16 Be Skeptical – Investigators are a skeptical bunch. Sometimes too skeptical. Being skeptical doesn’t mean you have to express doubt about everything or refuse to accept any fact, but you should look at things with a critical eye. Prioritize good facts and evidence over preconceptions and biases.

17 Persistence, Patience and Luck (I know, that’s three “lessons”) – I got an email from a client just the other day about how “amazing” we were when we were able to find the client’s long lost relative, halfway across the world that they didn’t even know existed. The truth of the matter is, more often than not, investigative “home runs” are really a disguise for a little know-how, persistence, patience and luck.

Guide to Background Investigations

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12 replies
  1. Edmund Magdziarek
    Edmund Magdziarek says:

    My biggest lesson in over 10years of practising as a Private investigator in the UK is to treat everybody well. All to often I see agents speak badly of Respondents in cases, or the subject of an enquiry.
    You never know when just treating someone respectfully can come back to reward you.

    I had one respondent I had to serve 3-4 times. He was extremely evasive and the client paid a premium to ensure we got him. Upon taking the time to speak to him (rather than just throwing the court papers at him) he eventually gave us a way of contacting him in future on the understanding this wasn’t disclosed to anyone else.
    Needless to say the next 3 times we served him were efficient and also saved our client money.

    Another occasion I was recommended in a matrimonial case by an old subject of an enquiry who basically told a friend, “Use EJM, their evidence had me screwed in court so they should get you what you need”. A strange endorsement, but an endorsement none the less.

    Good luck for the next 15 years in business!

  2. Lizzie Sierra
    Lizzie Sierra says:

    Thank you for your tips. I am just starting out in the industry (well trying to get a job or work experience with someone at least), I hope that in a few years I can write something to inspire others. Cheers!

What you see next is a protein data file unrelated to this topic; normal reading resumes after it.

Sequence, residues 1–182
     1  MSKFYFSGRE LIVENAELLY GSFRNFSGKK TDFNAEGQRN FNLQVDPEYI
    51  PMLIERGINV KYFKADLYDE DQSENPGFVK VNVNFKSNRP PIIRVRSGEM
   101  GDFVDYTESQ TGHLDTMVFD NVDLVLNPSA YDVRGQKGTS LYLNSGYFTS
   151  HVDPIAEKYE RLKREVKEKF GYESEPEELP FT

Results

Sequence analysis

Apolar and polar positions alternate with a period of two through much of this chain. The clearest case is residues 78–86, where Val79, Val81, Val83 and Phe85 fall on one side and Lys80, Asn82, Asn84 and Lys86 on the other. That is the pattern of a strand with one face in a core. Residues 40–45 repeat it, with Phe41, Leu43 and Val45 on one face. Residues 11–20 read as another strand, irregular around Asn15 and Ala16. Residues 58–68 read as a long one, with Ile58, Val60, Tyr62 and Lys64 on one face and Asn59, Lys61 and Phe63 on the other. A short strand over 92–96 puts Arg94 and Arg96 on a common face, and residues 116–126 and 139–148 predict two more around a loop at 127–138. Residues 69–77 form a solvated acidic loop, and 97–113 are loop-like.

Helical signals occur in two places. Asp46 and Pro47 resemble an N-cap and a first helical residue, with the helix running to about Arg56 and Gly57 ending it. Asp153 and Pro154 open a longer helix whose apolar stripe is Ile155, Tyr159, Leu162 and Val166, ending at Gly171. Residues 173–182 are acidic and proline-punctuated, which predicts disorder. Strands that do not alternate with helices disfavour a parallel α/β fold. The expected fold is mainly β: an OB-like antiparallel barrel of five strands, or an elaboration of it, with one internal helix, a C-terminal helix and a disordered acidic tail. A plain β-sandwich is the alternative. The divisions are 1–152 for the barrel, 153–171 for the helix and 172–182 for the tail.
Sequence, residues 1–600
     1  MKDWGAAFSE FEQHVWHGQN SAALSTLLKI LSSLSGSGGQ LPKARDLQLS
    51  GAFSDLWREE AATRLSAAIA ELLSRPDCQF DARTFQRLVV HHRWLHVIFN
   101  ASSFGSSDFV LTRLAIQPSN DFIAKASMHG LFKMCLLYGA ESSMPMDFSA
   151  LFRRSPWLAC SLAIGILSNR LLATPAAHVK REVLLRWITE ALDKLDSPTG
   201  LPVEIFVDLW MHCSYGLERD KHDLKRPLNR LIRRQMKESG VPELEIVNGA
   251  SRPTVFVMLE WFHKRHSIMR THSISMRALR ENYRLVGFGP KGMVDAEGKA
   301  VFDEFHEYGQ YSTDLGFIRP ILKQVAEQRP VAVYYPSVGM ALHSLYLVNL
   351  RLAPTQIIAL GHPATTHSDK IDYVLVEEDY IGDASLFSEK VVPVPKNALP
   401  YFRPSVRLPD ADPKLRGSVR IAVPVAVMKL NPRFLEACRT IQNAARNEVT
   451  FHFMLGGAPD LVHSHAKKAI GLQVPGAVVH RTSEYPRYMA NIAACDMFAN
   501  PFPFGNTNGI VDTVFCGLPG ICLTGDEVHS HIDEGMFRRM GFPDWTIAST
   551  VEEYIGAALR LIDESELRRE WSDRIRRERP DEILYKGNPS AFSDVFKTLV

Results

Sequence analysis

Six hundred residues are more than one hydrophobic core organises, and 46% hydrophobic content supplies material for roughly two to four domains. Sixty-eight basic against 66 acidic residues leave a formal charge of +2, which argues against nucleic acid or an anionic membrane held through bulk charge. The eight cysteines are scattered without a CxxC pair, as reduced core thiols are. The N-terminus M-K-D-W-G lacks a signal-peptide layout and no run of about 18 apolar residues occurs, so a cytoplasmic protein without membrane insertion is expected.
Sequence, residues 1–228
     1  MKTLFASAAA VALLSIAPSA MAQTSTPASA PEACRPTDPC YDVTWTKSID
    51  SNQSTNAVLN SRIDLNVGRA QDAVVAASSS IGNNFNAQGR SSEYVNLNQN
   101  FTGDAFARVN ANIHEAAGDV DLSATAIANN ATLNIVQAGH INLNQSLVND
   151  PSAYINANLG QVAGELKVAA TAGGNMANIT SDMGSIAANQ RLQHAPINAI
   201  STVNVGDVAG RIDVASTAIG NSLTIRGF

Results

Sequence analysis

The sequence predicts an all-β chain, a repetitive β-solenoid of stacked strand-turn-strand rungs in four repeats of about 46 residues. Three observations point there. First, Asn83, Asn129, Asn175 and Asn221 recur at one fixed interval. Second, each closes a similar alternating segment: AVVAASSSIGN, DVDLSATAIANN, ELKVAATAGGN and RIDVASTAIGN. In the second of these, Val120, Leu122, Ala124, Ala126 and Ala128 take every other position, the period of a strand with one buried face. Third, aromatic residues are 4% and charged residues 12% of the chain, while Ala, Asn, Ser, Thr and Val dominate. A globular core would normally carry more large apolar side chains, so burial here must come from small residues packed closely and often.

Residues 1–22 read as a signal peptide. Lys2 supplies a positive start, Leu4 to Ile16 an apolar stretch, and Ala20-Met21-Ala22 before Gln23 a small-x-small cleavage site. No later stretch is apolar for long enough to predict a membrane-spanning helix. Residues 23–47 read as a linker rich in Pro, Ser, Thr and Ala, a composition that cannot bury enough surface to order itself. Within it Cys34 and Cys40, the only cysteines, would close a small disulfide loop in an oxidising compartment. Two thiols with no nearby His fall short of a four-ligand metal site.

One area I am very interested in and I don’t think is too big yet, in Australia at least, is elderly abuse. Being a nurse and a PI, I think I could really do some good work to help those elderly that are being abused, whether they are in aged care facilities, or in the care of family. I know it happens and it devastates me. I don’t think too many people are aware that they can have their worries investigated if they think their elderly relatives are not being treated with the respect, compassion and dignity they deserve. One day I hope to change that.

  3. David Childe
    David Childe says:

    Useful information for both professional and overall well being. As always, thanks! This is a difficult profession to learn via textbook, agreed. Most of the books out there are either very basic or written from an academic standpoint for paralegals. I found some of the best practical information to come from Dean Beers, Valerie McGilvrey, Tamara Thompson, Francine Koehler’s podcast, ThePrivateEyeNetwork, and this website. Even advanced investigators will keep learning from these people and sources. McGilvrey and Koehler are particularly amazing and so generous with what they do.

  4. C. Hope Clark
    C. Hope Clark says:

    I love this list. I’m an author of mysteries and follow you to learn, however, this list applies to writers as well. I’m sharing this in my March 25 newsletter. Thanks so much!

  5. Ryan Johnston
    Ryan Johnston says:

    Brian,

    Congratulations on finding your niche and being able to sustain over time. It might be cliche, but if you love what you do, is it really work? I would add one item to your list, that I believe in very strongly. Investigators are seekers of the TRUTH, which does not always help our clients case and in some instances actually hurts our clients case, but if it is fact and truthful fact, I will report it, without bias.
    Ryan Johnston (30+ years surveillance experience)
    Night Moves of Denver
    Private Investigations